NBER

Chirantan Chatterjee

Indian Institute of Management Ahmedabad
Room 15F, Wing 15, Heritage Campus
Ahmedabad
India

E-Mail: EmailAddress: hidden: you can email any NBER-related person as first underscore last at nber dot org
Institutional Affiliation: Indian Institute of Management Ahmedabad

NBER Working Papers and Publications

October 2018Moving Beyond the Valley of Death: Regulation and Venture Capital Investments in Early-Stage Biopharmaceutical Firms
with Yujin Kim, Matthew J. Higgins: w25202
Venture capitalists (VCs) traditionally invest in risky, early-stage innovations. Recent research suggests, however, that VCs may be herding into less risky, later-stage projects. Such a shift can create funding gaps for early-stage firms. Can regulation reverse this trend by providing information that may reduce the risk of early-stage investments? Using the regulatory setting of the European Union and the passage of the Orphan Drug Act (EU-ODA), we examine this question in the biopharmaceutical industry. We provide causal evidence that VCs are more likely to invest in early-stage biopharmaceutical firms operating in sub-fields disproportionately affected by EU-ODA. We also find that the level of syndication declined for early-stage investments and exit performance improved. Importantly, ...
August 2018Market Effects of Adverse Regulatory Events: Evidence from Drug Relabeling
with Matthew J. Higgins, Xin Yan: w24957
The FDA maintains post-approval safety surveillance programs to monitor the safety of drugs. As adverse events are reported, the FDA may choose to intervene and change the safety labeling associated with a drug. We provide causal evidence of the impact that these regulatory interventions have on aggregate demand for pharmaceuticals. We find that aggregate demand declines by 16.9 percent within two years of a relabeling event. After accounting for substitution patterns by physicians along with competitor actions, aggregate demand declines by 5.1 percent. Critically, this decline represents consumers that leave the market. The overall effect appears to be driven by ‘high-intensity’ markets or those with significant relabeling activity. Results control for the level of advertising and are rob...
September 2014Starving (or Fattening) the Golden Goose?: Generic Entry and the Incentives for Early-Stage Pharmaceutical Innovation
with Lee Branstetter, Matthew J. Higgins: w20532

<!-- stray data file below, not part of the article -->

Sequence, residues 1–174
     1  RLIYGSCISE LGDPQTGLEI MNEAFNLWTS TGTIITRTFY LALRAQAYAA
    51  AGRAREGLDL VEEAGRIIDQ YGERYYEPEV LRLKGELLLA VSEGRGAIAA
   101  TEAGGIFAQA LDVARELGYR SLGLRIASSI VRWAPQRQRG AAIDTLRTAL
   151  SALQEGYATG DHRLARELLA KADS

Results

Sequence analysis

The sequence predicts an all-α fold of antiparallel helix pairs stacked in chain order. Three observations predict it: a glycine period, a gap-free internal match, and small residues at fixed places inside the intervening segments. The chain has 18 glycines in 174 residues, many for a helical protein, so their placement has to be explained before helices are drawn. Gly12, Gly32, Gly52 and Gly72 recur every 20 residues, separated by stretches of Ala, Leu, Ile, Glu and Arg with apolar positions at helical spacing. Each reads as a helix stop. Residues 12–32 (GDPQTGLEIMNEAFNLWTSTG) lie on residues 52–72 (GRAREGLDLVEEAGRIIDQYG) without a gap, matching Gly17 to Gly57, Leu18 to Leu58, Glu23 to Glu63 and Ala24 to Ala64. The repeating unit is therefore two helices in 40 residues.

Over the last decade, generic penetration in the U.S. pharmaceutical market has increased substantially, providing significant gains in consumer surplus. What impact has this rise in generic penetration had on the rate and direction of early stage pharmaceutical innovation? We explore this question using novel data sources and an empirical framework that models the flow of early-stage pharmaceutical innovations as a function of generic penetration, scientific opportunity, firm innovative capability, and additional controls. While the aggregate level of early-stage drug development activity has increased, our estimates suggest a sizable, robust, negative relationship between generic penetration and early-stage pharmaceutical research activity within therapeutic markets. A 10% increase in ge...
June 2011Regulation and Welfare: Evidence from Paragraph IV Generic Entry in the Pharmaceutical Industry
with Lee G. Branstetter, Matthew Higgins: w17188
With increasing frequency, generic drug manufacturers in the United States are able to challenge the monopoly status of patent-protected drugs even before their patents expire. The legal foundation for these challenges is found in Paragraph IV of the Hatch-Waxman Act. If successful, these Paragraph IV challenges generally lead to large market share losses for incumbents and sharp declines in average market prices. This paper estimates, for the first time, the welfare effects of accelerated generic entry via these challenges. Using aggregate brand level sales data between 1997 and 2008 for hypertension drugs in the U.S. we estimate demand using a nested logit model in order to back out cumulated consumer surplus, which we find to be approximately $270 billion. We then undertake a count...

Published: RAND Journal of Economics, Volume 47, Issue 4 Pages 857–890, 2016

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